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I'm running some tor exitrelays with rsyslog off. Does this disable ALL loggin? If no how I disable ALL loggin? Next to that I want to secure those against hijacking as good as possible. So I was thinking to disable root and all sudoers. Which commands and file I need to remove for that. And what about blocking port except for the needed ports for tor etc etc.

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  • I dont mind losing acces as root etc for myself – Peter Appel Dec 5 '17 at 2:29
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Does this disable ALL loggin?

Sort of. It disables all logging to the disk as done by the syslog daemon, but there will still be some kernel logs stored in memory that last either until it gets too full or the system reboots. See the output of the command dmesg to view these logs. These logs do not need to be disabled, as they are ephemeral and harmless.

Next to that I want to secure those against hijacking as good as possible.

This is a very complicated process that takes years to understand even the basics. You may want to consider using OpenBSD, as it is fairly secure out-of-the-box and is not much different from Linux in terms of administration (OpenBSD derived directly from UNIX, and Linux being UNIX-like).

So I was thinking to disable root and all sudoers. Which commands and file I need to remove for that.

Disabling root only prevents logging in as root with the proper credentials. An exploit can still be used to get root. In other words, "disabling" root simply tells su and sudo to always deny access, but does not remove support for root in the kernel. In the kernel, users are identified numerically. These are called UIDs, with the most privileged, root, being 0. If an exploit against a privileged process succeeds, an attacker can gain root. There is no way to disable a UID in the kernel. Disabling root login would only help against malicious software that knows your password.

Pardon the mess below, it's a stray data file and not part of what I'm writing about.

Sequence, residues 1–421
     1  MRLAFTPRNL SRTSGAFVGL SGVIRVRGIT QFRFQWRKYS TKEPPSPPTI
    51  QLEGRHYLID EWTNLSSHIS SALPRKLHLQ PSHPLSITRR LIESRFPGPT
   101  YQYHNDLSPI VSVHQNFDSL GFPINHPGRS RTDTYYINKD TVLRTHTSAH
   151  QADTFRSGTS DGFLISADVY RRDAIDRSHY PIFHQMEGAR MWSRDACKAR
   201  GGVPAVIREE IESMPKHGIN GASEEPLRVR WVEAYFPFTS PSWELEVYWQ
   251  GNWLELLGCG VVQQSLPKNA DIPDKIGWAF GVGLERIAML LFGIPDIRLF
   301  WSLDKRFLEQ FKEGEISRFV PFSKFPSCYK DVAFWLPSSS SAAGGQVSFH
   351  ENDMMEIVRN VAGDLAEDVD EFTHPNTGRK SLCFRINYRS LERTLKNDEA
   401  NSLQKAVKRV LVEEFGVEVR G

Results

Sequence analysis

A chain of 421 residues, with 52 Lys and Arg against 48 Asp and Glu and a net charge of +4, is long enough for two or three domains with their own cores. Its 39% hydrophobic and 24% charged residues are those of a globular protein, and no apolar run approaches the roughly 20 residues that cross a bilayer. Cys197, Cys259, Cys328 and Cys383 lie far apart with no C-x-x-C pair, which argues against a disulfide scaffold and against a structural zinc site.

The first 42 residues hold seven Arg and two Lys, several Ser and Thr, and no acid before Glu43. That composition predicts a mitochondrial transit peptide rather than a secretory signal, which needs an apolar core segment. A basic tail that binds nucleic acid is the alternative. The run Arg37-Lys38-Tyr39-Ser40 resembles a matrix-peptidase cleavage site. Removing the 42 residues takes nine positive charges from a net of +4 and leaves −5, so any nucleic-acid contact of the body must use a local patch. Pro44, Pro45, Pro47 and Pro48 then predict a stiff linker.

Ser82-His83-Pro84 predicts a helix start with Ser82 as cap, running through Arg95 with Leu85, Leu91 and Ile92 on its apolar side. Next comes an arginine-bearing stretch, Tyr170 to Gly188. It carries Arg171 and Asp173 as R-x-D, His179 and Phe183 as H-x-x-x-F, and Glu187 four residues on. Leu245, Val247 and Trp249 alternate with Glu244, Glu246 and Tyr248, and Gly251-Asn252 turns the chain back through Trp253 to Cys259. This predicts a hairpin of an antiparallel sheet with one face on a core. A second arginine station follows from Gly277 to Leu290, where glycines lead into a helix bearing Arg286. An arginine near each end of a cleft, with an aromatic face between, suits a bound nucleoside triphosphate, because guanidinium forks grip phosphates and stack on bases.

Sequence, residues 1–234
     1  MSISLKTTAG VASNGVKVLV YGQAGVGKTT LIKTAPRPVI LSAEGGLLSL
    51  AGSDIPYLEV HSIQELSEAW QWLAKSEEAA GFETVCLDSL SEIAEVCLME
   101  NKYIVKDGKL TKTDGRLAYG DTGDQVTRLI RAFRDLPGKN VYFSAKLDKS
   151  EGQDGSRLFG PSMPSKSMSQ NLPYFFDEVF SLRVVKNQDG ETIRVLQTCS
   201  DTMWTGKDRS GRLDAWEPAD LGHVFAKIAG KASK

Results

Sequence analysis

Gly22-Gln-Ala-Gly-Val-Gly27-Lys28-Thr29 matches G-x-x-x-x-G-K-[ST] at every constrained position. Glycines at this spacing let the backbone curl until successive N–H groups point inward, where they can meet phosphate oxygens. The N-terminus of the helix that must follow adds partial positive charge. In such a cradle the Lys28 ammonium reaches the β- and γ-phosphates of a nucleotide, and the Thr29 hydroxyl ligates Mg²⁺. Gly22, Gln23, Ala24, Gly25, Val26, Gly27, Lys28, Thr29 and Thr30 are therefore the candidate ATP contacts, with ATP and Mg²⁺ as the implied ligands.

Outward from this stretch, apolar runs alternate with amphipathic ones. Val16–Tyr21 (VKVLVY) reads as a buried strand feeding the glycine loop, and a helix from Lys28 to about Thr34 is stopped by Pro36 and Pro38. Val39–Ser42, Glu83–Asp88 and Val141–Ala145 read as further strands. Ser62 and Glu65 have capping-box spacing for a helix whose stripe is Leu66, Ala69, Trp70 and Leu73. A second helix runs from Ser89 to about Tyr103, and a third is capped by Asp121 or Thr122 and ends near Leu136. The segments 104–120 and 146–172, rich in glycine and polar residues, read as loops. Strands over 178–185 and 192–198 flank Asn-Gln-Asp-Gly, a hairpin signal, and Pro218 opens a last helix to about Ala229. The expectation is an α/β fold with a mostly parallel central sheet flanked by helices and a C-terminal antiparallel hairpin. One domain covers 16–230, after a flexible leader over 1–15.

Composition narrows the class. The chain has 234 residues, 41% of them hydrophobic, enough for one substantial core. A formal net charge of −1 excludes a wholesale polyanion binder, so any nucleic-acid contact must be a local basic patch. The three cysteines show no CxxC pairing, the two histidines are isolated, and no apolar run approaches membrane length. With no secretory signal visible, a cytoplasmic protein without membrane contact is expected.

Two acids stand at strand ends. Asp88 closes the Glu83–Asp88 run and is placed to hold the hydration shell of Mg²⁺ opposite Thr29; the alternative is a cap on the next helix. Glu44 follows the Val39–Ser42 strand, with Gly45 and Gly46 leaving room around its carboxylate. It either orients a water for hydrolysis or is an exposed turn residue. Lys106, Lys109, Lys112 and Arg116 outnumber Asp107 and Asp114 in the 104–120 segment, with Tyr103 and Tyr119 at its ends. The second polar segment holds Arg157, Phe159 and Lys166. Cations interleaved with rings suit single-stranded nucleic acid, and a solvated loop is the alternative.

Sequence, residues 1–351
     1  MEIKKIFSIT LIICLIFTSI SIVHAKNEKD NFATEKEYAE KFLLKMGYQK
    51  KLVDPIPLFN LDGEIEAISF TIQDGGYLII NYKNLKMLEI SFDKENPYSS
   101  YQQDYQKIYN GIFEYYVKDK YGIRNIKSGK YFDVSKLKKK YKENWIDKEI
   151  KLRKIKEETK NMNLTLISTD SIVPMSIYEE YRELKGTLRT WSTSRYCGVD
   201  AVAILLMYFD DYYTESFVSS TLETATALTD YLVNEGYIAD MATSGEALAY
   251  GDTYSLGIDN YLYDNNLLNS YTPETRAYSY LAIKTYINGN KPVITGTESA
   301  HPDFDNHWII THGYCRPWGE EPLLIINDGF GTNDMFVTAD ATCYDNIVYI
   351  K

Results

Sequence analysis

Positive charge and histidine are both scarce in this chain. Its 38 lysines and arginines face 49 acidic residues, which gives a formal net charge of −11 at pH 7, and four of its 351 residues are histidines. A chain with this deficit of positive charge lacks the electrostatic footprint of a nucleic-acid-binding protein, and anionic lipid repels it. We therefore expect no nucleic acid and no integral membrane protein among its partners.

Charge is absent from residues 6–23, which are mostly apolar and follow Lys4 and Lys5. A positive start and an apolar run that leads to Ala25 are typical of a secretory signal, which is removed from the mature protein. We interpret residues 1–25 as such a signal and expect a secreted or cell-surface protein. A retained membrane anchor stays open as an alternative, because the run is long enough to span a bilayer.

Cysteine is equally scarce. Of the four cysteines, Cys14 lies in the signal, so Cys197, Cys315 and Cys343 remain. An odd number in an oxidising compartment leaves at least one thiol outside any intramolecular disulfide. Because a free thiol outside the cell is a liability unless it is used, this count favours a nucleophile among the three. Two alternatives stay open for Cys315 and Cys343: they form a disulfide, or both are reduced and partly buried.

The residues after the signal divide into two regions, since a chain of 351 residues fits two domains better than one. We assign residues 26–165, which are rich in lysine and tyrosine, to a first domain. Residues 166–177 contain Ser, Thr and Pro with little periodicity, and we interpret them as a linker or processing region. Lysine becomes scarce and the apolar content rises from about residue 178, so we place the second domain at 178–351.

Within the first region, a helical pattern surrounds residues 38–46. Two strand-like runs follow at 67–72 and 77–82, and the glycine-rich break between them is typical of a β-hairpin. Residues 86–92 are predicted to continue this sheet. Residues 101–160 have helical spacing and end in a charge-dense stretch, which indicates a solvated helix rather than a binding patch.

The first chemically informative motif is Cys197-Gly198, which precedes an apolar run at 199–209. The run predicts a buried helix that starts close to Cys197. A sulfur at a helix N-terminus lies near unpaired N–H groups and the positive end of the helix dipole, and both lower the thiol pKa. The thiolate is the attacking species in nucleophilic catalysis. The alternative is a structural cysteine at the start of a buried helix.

If you still want to, you can lock root logins using passwd:

passwd -l root # locks the root user
chage -E 0 root # expires the root password, to lock SSH logins

This can be reversed as so:

passwd -u root
chage -E -1 root

And what about blocking port except for the needed ports for tor etc etc.

Ports are blocked by default unless there is any listener. You can block incoming ports explicitly by using iptables, such as this:

iptables -A INPUT -m tcp -p tcp --dport 9050 -j ACCEPT
iptables -A INPUT -m tcp -p tcp --dport 9001 -j ACCEPT
iptables -A INPUT -m tcp -p tcp --dport 22 -j ACCEPT
iptables -P INPUT DROP

Assuming the only ports used by Tor are 9050 and 9001, and SSH is on port 22. This is just an example. Unless you have other services running on the system which are listening on the network, there is not much risk of leaving ports open. You can still block them to be safe, though.

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There's no need to have a monitory bounty, but if you still want to, please consider donating to the EFF (Electronic Frontier Foundation)! Every dollar helps them.

  • Thank you for responding. No way to disable the UIDs right? Nothing to do against those exploits I guess. But disabling will help against malicious software right? I was searching for a few commands to make it more secure. I will checkout OpenBSD. If there wont come any new answer next few days about this question, since a better answer with more details on the process is possible. In case this will be the best answer I would love to donate. I did google it and found more 'EFF's. Did you mean the Electronic Frontier Foundation? – Peter Appel Dec 5 '17 at 4:11

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